In atoms charges are neatly separated. Instead of pairing which seems natural they all stick together with their peers.

What drives this peer behaviour? Why is it stable?

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    $\begingroup$ Are you asking why the electrons don’t fall into the nucleus? $\endgroup$ – G. Smith Jan 13 at 17:51
  • $\begingroup$ He is asking why electrons stick to each other :-) $\endgroup$ – Vladimir Kalitvianski Jan 13 at 17:57
  • $\begingroup$ Well, in most atoms you do have simple pairing, since most atoms are hydrogen. ;) Pairing in heavier atoms is trickier because of the huge mass difference between electrons & protons, and the constraints imposed by Pauli exclusion. Hopefully, someone will write an answer that explains this properly. $\endgroup$ – PM 2Ring Jan 13 at 19:22
  • $\begingroup$ Your point is interesting, yes, most atoms are Hydrogen, but why do the electrons stay outside like spectators when it comes to fusion? $\endgroup$ – Johannes Maria Frank Jan 14 at 16:45
  • $\begingroup$ At typical fusion temperatures the nuclei & electrons have very high kinetic energy. And because the electrons are so light they have much higher speeds than the nuclei. There's little chance for the nuclei & the electrons to combine stably under those conditions. $\endgroup$ – PM 2Ring Jan 15 at 9:49

The nuclear forces are much stronger than the electromagnetic forces, but their range is much shorter. So nucleons very close together are pulled together by the nuclear forces, and less strongly pushed apart by the Coulomb force.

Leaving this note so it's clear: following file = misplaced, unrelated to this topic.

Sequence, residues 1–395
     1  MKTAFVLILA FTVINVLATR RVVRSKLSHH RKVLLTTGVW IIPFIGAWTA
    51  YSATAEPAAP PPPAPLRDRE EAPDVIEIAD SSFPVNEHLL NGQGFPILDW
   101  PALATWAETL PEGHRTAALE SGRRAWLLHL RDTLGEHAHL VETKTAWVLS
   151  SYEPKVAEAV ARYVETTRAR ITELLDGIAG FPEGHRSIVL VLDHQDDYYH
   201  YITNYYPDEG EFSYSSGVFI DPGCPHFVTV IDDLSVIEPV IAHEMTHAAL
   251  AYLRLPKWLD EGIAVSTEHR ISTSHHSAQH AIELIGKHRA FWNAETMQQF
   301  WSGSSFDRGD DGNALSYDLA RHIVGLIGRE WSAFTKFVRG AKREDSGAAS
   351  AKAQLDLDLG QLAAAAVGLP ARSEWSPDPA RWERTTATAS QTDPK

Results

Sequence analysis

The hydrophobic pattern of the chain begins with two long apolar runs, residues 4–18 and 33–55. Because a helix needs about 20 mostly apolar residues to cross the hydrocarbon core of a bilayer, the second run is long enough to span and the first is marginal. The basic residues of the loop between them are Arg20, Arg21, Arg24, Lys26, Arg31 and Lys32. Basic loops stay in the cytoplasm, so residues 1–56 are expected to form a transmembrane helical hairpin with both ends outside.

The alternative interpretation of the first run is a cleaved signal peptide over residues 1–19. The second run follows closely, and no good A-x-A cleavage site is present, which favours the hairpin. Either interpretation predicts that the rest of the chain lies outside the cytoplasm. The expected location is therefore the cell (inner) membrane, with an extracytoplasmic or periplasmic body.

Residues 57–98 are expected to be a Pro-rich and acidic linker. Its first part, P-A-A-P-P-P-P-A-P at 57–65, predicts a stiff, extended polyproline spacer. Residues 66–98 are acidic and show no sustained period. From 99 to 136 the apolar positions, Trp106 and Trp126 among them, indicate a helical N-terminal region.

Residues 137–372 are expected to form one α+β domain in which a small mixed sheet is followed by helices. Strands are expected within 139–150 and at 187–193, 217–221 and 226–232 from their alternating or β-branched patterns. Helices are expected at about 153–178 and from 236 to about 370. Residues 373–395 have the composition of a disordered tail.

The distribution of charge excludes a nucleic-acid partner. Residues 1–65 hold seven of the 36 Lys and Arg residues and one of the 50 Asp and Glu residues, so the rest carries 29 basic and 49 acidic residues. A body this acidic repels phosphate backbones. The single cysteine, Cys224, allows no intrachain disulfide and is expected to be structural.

The electrons, on the other hand, are attracted by the oppositely charged nucleus, here, the Coulomb force of the core is stronger than the Coulomb force of the other electrons. But the electron interaction is strong enough to keep them on different levels, so to say.

Fusion usually occurs under very high temperatures, where everything is in a plasma state, so naturally electrons are "standing aside", only the reaction cross-sections of the cores matter for the fusion process. When the temperature is high enough, the cores have enough kinetic energy to overcome the Coulomb barrier on a direct hit. The cores pass their barrier and a sort of friction occurs, which causes internal excitation. The system is heating up. As long as the reaction partners are "mixed", i.e. within each others boundary region, mass transfer can occur from one to the other. Depending on the reaction time, more or less mass is transferred/exchanged. During the process the system is rotating. Eventually the two partners will split up again. During this reaction, their kinetic energy was mainly transformed into internal excitation and they exchanged mass.

  • $\begingroup$ Your argument lacks the fact that the Coulomb force closer is always much stronger than the one more distant. And the atom is huge, so the force of the core is relatively low compared to the force of the peers. The strong force is not so much stronger, it even doesn't suffice to make a DiProton core. Yes, it is known that it keeps the core together, but that already assumes there are no electrons in the nearby when the strong force hits. The point made by PM 2Ring is interesting but it still leaves the question why the electrons are not caught on fusion. $\endgroup$ – Johannes Maria Frank Jan 14 at 16:44
  • $\begingroup$ Oh, you are asking on a much higher level than I thought. So I apologise for my rather basic answer. I added another section to my answer. $\endgroup$ – kalle Jan 14 at 17:16

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